Food Network

Making a meal of it- families only sit down to dinner twice a week

20th November, 2012 in Food & Drink

The majority of families only manage to all sit down together for dinner twice a week – OR LESS, a survey has revealed. Extended working hours, lengthy commutes and kids commitments mean families never get home at the same time and rarely eat their evening meal together.

The study found that 10% of families NEVER have a family meal together in the week, and less than a third of Brits sit down every night.

It is the dads who are officially the worse culprits for missing the family dinner, followed by teenage kids.

The poll, carried out by Food Network UK, highlights the importance of making time to eat with friends and family.

According to the study, the main reason for absenteeism at family meal times is parents working too late to make it home in time, followed by after school commitments.

Of those polled, 15% said their lengthy commute was to blame and one in five said domestic chores got in the way of a good family get-together in the week.

The survey of 2000 parents (with children living at home) also found that a third said they wished they sat for dinner more regularly- not just on special occasions.

Nick Thorogood, Senior Vice President of Content and Marketing, Food Network EMEA, commented:

“It is astonishing to see that the traditional family meal is on the way out with only four in ten families making the time to sit down for dinner twice a week or less.

“Modern life means we all lead really busy lives and the research shows that sitting down for a family dinner every single night of the week is something that no longer happens.

“This is something most British families will be able to relate to as it is an unfortunate consequence of having hectic social and work lives, as well as kids having school and sporting commitments.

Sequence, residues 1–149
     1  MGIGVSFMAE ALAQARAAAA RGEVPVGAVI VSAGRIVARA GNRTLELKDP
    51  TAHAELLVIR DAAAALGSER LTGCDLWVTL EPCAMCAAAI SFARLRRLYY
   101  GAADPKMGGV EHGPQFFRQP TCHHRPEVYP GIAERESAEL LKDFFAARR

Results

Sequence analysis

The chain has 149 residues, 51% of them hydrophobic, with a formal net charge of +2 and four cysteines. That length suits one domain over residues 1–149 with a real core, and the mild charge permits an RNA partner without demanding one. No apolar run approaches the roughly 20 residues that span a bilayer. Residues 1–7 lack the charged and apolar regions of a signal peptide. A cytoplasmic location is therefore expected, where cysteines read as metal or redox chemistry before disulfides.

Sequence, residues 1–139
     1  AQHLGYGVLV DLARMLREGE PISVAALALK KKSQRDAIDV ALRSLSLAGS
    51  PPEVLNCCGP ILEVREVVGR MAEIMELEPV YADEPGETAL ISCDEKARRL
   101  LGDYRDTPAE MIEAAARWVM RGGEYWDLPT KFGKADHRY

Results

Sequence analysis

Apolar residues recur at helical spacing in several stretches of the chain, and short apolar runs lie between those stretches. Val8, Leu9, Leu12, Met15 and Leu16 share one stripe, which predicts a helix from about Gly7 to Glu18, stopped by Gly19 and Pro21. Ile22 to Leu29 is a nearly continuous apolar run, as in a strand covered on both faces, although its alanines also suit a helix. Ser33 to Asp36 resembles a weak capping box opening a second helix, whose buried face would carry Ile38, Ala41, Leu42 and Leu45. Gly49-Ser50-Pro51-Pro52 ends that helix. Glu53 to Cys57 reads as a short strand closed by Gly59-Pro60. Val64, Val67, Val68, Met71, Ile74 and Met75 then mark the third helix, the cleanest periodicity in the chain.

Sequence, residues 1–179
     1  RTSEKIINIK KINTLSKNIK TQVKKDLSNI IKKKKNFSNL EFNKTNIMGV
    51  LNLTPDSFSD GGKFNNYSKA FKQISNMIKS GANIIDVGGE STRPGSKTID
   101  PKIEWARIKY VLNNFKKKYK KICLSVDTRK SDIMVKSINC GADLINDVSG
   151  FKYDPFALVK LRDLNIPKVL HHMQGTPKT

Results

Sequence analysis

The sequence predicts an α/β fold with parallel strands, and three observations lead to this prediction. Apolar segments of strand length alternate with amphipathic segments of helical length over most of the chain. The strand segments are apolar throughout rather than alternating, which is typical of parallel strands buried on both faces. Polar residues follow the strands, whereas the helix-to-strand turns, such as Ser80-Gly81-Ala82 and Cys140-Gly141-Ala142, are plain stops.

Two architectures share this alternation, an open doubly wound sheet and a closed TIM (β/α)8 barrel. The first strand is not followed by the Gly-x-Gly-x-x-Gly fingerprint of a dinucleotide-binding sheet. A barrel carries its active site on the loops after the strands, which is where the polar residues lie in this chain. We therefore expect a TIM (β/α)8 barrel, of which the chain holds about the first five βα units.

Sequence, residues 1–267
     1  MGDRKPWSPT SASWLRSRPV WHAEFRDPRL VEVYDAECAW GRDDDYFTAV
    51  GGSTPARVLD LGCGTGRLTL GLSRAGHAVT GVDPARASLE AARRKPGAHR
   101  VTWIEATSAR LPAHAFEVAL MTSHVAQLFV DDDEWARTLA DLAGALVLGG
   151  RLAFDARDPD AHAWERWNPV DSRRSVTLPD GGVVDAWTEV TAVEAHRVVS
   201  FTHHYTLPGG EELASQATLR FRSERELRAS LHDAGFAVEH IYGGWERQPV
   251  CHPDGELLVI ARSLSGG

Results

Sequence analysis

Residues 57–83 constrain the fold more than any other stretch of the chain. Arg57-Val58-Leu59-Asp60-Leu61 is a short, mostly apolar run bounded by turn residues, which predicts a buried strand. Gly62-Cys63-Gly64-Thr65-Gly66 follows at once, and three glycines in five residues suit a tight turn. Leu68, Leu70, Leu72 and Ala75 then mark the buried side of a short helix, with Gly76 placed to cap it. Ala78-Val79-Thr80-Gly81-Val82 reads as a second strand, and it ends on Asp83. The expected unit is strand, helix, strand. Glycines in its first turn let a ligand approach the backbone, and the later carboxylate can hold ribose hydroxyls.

“It is very encouraging though to see that families still make an effort to get together for special occasions, like Christmas and birthdays.”

The study found that one in twenty parents find it hard to get the family to eat together during the week because everybody likes to eat different food.

But despite this, 42% of adults do encourage their family to eat together more often, with a third of parents claiming it’s their kids inspiring big family get togethers.

Not surprisingly, 88% of us plan to sit down together for Christmas dinner and 79% always make an effort for birthdays.

One in ten of us are also making plans for a ‘Thank You Day’ meal – like the American Thanksgiving – to celebrate with immediate family.


1.    Parents working too late
2.    All wanting to eat at different times
3.    Shift work
4.    After school / sports clubs clashing
5.    Everyone eating different types of food
6.    Needing to get on with washing, cleaning ironing
7.    Lengthy commute
8.    Kids wanting to watch TV
9.    Work issues getting in the way
10.    Parents socialising


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